Beginner’s luck. I was just looking for a free place to build my family tree, without any clear idea what I was getting into!

WikiTree was smaller then. I actually entered several hundred profiles before I bumped into anyone else, so it took a while before it dawned on me that I was only part of a much greater whole.

What is your favorite thing about WikiTree, or which feature(s) do you like the most?

I guess if I had to sum up my favorite thing about WikiTree, it would be its accessibility.

From the moment that I started, I was impressed with the layout of the profiles: data, family connections, sources, family stories and photographs all accessible on the same page.

But that is only a small part of the picture compared to its accessibility on the web. I have been astonished at the number of folks who have contacted me over the years. And not just distant cousins. I’ve heard from historians, museum curators, professors and old friends of people who I’ve profiled in my tree.

My wife’s great grandmother had a cousin who married a man here in Ontario early in the last century. She left him a widower at a very young age and he went off to war and died in France just before the armistice in 1918. A couple of years ago, I heard from a school teacher in Iwuy France whose class was researching the soldiers buried in their local cemetery. I sent him the information that I could about the man in question, and then a few months ago, I heard from one of the soldier’s family members here in Canada. I put her in touch with the man in France, and now her family is planning a trip in the fall to a ceremony in Iwuy which will commemorate the Canadian soldiers’ sacrifices in the Great War. Making that connection wouldn’t have been possible without WikiTree.

I have heard from people on every continent (except Antarctica of course). I’ve worked with folks from Chengdu, China to Buenos Aires, Argentina. Every day is a new adventure. I don’t know who I will hear from when I turn on my computer!

If you could improve one thing about WikiTree, what would it be?

If we could get rid of some of the limitations, especially the 5000 profile limit. I am constantly having to orphan profiles that I have researched and worked on. I would like to be able to keep tabs on them.

I’m also at the point where if I want to add a following tab, I must make a decision about which one to drop, as we are only allowed to follow twenty at a time.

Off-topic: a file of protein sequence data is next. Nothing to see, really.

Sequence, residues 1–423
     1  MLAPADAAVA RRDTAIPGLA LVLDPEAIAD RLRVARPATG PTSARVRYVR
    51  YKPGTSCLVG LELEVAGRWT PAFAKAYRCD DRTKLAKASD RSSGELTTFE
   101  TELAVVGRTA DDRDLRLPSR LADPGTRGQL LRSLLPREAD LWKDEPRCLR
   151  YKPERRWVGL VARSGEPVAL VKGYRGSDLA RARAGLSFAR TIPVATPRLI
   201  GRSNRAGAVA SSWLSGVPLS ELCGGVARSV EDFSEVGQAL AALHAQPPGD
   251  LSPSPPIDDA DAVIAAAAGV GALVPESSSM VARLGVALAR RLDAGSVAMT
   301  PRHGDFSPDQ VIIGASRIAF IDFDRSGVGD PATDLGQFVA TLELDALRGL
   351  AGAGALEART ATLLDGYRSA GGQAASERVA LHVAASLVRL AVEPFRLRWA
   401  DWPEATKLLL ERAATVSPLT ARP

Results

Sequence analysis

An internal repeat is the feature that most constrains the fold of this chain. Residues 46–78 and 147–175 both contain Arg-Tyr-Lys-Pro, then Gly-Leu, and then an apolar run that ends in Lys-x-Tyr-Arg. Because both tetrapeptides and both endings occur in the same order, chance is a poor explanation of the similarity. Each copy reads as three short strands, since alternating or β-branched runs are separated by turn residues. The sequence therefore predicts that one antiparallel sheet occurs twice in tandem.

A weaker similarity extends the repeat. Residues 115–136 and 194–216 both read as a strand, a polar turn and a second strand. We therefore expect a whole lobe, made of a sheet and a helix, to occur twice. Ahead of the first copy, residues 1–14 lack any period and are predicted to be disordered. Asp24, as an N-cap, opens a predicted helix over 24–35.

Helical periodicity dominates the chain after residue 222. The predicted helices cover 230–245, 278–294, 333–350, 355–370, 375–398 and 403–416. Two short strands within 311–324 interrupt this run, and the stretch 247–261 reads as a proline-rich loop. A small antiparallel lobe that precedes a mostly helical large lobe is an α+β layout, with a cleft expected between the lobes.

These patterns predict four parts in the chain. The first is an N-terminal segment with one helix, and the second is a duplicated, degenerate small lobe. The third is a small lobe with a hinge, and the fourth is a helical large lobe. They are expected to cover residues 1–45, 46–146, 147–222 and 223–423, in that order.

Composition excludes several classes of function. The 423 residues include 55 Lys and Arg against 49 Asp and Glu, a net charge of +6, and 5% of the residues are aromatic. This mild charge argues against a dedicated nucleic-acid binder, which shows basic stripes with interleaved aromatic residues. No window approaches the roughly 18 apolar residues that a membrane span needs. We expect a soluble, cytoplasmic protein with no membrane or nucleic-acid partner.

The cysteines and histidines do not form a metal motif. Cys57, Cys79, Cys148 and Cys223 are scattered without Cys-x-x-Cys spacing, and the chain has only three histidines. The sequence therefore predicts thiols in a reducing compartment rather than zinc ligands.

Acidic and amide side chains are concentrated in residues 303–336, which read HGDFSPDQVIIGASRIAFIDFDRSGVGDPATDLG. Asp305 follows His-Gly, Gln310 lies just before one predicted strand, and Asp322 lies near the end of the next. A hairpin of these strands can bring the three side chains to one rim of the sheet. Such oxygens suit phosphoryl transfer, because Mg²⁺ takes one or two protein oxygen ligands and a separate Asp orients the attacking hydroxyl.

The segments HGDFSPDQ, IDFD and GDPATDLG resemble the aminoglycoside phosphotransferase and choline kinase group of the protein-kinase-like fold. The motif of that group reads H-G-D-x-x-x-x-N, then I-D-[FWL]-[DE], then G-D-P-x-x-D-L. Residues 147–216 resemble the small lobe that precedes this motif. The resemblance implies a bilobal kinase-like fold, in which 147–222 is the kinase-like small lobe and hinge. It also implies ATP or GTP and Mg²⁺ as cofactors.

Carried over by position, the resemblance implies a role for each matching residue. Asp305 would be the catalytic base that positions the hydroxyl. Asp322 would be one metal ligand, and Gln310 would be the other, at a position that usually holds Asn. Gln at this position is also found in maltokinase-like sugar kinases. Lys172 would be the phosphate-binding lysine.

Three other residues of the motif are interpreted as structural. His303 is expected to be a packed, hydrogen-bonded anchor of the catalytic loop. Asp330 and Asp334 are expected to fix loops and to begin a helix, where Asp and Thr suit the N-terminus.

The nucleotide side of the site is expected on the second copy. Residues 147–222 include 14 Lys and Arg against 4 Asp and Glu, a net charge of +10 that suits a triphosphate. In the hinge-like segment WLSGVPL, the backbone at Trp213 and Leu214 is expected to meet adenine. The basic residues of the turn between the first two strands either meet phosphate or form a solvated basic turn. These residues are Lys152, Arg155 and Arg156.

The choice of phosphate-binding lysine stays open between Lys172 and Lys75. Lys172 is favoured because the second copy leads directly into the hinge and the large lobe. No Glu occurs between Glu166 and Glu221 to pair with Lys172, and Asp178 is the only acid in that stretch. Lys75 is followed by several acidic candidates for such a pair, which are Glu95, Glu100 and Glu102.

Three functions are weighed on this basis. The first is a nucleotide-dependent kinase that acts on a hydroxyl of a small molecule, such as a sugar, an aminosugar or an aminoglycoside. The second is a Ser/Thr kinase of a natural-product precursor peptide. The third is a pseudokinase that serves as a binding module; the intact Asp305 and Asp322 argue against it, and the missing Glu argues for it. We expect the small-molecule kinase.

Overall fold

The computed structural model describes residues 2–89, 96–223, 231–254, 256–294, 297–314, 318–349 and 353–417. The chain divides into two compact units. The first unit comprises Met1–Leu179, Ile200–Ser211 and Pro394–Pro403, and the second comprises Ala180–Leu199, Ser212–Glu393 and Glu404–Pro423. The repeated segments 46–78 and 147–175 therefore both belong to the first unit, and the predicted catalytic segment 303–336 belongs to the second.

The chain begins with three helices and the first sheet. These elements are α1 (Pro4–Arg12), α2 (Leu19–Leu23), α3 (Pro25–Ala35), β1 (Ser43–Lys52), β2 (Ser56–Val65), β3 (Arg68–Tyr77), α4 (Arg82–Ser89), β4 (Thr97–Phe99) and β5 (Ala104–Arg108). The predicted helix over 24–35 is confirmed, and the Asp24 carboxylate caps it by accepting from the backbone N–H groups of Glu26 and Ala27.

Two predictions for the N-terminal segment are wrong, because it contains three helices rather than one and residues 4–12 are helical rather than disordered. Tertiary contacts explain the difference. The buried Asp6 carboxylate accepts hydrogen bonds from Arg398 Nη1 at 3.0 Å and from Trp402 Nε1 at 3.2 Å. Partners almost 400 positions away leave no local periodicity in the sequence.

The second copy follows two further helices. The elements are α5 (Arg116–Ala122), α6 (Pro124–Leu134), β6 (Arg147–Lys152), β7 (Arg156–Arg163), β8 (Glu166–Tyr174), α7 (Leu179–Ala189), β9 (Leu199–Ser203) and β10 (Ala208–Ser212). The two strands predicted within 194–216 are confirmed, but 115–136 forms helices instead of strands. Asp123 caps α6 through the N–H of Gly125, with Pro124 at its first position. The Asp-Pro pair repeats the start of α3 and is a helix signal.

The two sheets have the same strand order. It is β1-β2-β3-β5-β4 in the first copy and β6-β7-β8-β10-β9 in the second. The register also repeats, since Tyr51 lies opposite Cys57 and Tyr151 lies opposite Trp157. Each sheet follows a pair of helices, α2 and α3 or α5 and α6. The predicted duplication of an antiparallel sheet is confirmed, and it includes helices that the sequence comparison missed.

What is an example of how WikiTree has helped you with your genealogy or how you’ve helped genealogy with WikiTree?

Oh my! Where to start? WikiTree members have been my education in genealogy from the beginning. I was pretty green when I started. I’m still no expert, but thanks to all the help from others here, I’m finally starting to learn how much I don’t know. The friendliness and willingness to help a newbie that I experienced when I started here is something that I try to emulate.

Any tips for someone just starting out on WikiTree?

Take it slow. Read everything the greeters send you. We are a little bit different from other sites and there is a bit of a learning curve. Ignore the impulse to import a big gedcom. Build your tree one profile at a time, adding your sources as you go. And don’t be afraid to ask questions. Not only do you learn stuff, but you meet people that way too.


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  2 Responses to “Meet our Members: Dave Rutherford”

  1. I have Rutherfords in my tree. Thomas Rutherford, my 2 x great grandfather (born circa 1839) had a different place of birth on each of his children’s birth records. He is definitely my brickwall. He was from Northumberland, UK. I suspect he was born out of wedlock, and made up (lied!) about his mother and father’s name and occupation on his marriage certificates. He ended up coming to Australia where my great grandmother, Hannah was born.

  2. Dave,
    Good to see you on WikiTree this morning. I have many lines going back to England, Ireland and Palatine. My Palatine lines came from Ireland to Canada in the early 1800’s. The names are Glazier, Steep and Brown. They settled in Ontario. I would sure like to hear from you. My e-mail address is j_lemley@juno.com.